On Christmas night, the grandfather feeds them extra mash, telling them that Emilie has been trying to get out of bed to see them.
"The only way that German doctor could get her to stay in bed was to promise to go on with them as long as the cold weather lasted. So go inside, my beauties, and eat your fill. We've all had a Christmas present today, haven't we? All's well, I tell you. All's well."
The book begins with a notice by Michael Morpurgo describing a "dusty painting of a horse" he once saw in an English village schoolhouse. Across the bottom of the bronze frame at the bottom of the painting, according to Morpurgo, reads the inscription, "Joey. Painted by Captain James Nicholls, Autumn 1914."
War Horse opens with a bit of narration by Joey the horse, at a time when he was barely six months old: "My earliest memories are a confusion of hilly fields and dark, damp stables, and rats that scampered along the beams above my head. But I remember well enough the day of the horse sale. The terror of it stayed with me all my life."
Joey remembers being separated from his mother at an auction ("I screamed for my mother and heard her reply echoing in the far distance") to a mean, alcoholic old "owner" who lumps him in with an older horse named Zoey. The owner's 13-year old son, Albert Narracott, takes a liking to Joey despite his mother's insistence that he leave him alone.
I knew then that I had found a friend for life, that there was an instinctive and imemdiate bond of trust and affection between us.
Albert raises Joey over a period of winters and summers. "His whistle," claims Joey, "imitated the stuttering call of an owl -- it was a call I never refused and I would never forget." Albert's father is sometimes kind, but is often nasty, especially when drunk. Because of this, Albert begins putting Joey in the stables with Zoey to ensure that he is kept safe during his father's drunken rages.
One night, Albert's father makes a bet with some other farmers that he can have Joey "pulling a plow before the end of the week." Joey resists, kicking Albert's father and accidentally injuring him. He considers killing Joey for this, but Albert, now 15 and taller than his father, protests. His father than warns him that he'll sell Joey if he can't get him to pull a plow. Albert inists that he can train Joey to pull a plow as expected.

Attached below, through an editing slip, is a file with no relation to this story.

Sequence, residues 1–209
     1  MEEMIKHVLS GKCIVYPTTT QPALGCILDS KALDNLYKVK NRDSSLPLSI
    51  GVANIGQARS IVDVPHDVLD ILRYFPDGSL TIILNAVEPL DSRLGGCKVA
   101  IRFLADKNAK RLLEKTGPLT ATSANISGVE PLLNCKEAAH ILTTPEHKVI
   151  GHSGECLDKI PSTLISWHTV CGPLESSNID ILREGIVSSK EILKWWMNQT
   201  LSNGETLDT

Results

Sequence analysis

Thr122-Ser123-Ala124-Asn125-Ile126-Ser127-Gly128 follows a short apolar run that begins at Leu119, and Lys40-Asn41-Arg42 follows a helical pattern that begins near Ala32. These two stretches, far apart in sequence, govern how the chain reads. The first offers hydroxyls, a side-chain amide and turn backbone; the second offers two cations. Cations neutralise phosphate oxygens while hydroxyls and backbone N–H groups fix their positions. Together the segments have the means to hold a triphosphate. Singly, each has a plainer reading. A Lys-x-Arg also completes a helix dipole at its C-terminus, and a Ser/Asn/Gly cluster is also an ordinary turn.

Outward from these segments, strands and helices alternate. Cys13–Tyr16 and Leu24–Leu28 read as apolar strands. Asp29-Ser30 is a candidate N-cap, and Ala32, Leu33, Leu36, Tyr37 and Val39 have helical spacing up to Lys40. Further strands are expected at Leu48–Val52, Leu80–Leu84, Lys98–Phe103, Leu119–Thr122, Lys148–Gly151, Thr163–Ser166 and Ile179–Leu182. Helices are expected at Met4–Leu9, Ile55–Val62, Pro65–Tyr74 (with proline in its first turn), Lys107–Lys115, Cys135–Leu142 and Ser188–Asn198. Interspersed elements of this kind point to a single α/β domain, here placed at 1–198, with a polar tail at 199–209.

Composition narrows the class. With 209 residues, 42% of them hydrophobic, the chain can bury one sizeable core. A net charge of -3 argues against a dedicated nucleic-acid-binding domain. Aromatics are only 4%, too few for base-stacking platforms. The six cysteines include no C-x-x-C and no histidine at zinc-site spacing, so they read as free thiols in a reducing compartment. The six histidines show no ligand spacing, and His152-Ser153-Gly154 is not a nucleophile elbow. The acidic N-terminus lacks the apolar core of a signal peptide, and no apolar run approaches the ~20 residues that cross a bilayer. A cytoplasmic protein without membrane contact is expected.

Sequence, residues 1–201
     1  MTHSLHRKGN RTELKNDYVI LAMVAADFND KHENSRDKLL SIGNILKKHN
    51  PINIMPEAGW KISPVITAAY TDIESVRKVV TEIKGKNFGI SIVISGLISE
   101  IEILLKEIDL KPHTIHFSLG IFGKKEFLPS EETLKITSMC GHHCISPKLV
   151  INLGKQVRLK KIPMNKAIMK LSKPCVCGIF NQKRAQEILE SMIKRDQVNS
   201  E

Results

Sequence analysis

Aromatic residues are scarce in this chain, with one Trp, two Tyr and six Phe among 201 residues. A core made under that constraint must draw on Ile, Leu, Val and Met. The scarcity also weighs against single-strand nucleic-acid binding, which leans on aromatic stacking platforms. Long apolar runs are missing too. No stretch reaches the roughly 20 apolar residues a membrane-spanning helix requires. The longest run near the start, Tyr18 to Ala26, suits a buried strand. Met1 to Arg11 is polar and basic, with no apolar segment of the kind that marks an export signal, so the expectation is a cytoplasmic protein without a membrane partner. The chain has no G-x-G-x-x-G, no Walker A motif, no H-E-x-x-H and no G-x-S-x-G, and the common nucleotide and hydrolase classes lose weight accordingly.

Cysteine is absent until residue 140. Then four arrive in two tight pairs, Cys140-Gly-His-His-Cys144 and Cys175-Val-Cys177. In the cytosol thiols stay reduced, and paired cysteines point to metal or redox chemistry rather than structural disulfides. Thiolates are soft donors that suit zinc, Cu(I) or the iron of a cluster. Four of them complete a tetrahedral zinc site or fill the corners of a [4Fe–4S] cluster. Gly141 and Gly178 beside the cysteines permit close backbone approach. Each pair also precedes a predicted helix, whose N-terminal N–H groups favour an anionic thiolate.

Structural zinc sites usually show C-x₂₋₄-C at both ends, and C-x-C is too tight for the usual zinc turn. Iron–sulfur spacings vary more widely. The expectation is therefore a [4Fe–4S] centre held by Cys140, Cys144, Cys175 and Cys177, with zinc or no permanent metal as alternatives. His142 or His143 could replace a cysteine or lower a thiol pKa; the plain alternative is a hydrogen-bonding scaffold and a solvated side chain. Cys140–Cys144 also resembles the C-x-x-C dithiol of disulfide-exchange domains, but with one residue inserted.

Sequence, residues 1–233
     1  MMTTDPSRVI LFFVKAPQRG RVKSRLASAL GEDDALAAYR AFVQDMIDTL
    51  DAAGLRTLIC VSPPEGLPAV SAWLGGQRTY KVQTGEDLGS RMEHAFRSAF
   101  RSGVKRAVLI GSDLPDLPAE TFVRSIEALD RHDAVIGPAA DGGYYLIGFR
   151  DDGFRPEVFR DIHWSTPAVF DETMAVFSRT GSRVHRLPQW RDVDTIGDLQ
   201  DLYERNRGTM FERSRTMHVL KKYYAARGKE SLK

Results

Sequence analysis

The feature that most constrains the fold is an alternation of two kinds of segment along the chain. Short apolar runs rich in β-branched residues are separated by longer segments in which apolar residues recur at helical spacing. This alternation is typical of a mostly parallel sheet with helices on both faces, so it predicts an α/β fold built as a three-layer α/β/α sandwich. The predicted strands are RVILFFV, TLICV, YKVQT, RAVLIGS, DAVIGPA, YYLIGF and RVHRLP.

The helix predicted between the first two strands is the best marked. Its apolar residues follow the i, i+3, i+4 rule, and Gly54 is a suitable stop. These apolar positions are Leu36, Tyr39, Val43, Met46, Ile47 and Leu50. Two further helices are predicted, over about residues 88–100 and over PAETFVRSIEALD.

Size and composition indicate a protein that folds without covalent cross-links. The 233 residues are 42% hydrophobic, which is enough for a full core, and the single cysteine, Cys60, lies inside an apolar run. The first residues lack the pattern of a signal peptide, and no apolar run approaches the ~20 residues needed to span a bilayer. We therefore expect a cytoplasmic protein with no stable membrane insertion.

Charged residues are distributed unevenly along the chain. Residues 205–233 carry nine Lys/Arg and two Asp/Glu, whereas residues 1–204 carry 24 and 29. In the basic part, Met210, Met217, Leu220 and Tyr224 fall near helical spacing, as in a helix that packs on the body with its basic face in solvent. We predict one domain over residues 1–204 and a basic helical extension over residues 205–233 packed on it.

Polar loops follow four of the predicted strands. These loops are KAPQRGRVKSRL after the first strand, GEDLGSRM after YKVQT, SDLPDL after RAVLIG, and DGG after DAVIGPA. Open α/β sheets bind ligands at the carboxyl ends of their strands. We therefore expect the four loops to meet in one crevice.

Eventually, Joey pulls through, and Albert's father wins his bet. Albert's mother tells him that a war is coming.
"If it comes to that, you'd make a good war horse yourself, wouldn't you you, if you ride as well as you pull, and I know you will. We'd make quite a pair. God help the Germans if they ever have to fight the two of us."
And then war is declared. Albert assumes that it will "be over in a few months", but quite the contrary.
By now, there is "a growing tension on the farm", and Albert is getting in more and more arguments with his mother and father. The mother insists that his father only drinks so much because he worries about the farm mortgage, and because he's getting older. "Albert and his father scarcely spoke to each other on those days," narrates Joey, "and Albert's mother was used more and more by both as a go-between, as a negotiator."
Then, on a Wednsday morning, Albert is asked to return a saddleback boar to the valley. He agrees only if he's allowed to take Joey out in the evening to train him for hunting season, which his father responds to with silence. After Albert leaves, his father uses it as an opportunity to go behind Albert's back.
"You'll be all right, old son," he said softly. "You'll be all right. They'll look after you -- they promised they would. And I need the money, Joey; I need the money bad."
Albert's father leads Joey into the village, baiting him by taking Zoey along, too. Albert's father then sells Joey to Captain Nicholls of the British army for 40 pounds.
Joey narrates, "I had just about give up all hope, when I saw Albert running toward me through the crowd, his face red with exertion. The band had stopped playing , and the entire village looked on as he came up to me and put his arms around my neck." Realizing he cannot stop his father from seeling Joey, Albert begs Captain Nicholls to let him ride Joey in the war, but the captain refuses. Joey is too young for the war -- to enlist, you have to be seventeen.
Captain Nicholls apologizes for not being able to help, reminding Albert that his father needs the money in order to run the family farm. But he also urges Albert to come and join the cavalry when he's older, saying he can use his name as a reference.
"Your horse belongs to the army now, and you're too young to join up. Don't you worry -- we'll take good care of him. I'll take personal care of him, and that's a promise."
Joey is trained by the army to be a cavalry mount, and doesn't like it one bit. "Gone was the gentle snaffle bit that I was so used to," he complains, "and in its place was an uncomfortable, cumbersome barbed bit that pinched the corners of my mouth and infuriated me beyond belief."
He specially dislikes his rider, Corporal Samuel Perkins, sort of a macho show-off who is feared by the other soldiers; although he doesn't beat Joey or lose his temper with him, he is not above whipping him to keep him going. Joey claims that his only "consolation" during this period is Captain Nicholls, who has held to his promise to take good care of him, and has even started sketching Joey as a hobby.